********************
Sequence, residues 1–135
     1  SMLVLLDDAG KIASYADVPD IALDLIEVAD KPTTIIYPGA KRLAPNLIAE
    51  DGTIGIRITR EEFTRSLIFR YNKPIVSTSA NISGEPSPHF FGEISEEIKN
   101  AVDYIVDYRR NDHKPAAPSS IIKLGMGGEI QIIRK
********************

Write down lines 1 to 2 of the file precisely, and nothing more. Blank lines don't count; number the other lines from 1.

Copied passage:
Sequence, residues 1–135
     1  SMLVLLDDAG KIASYADVPD IALDLIEVAD KPTTIIYPGA KRLAPNLIAE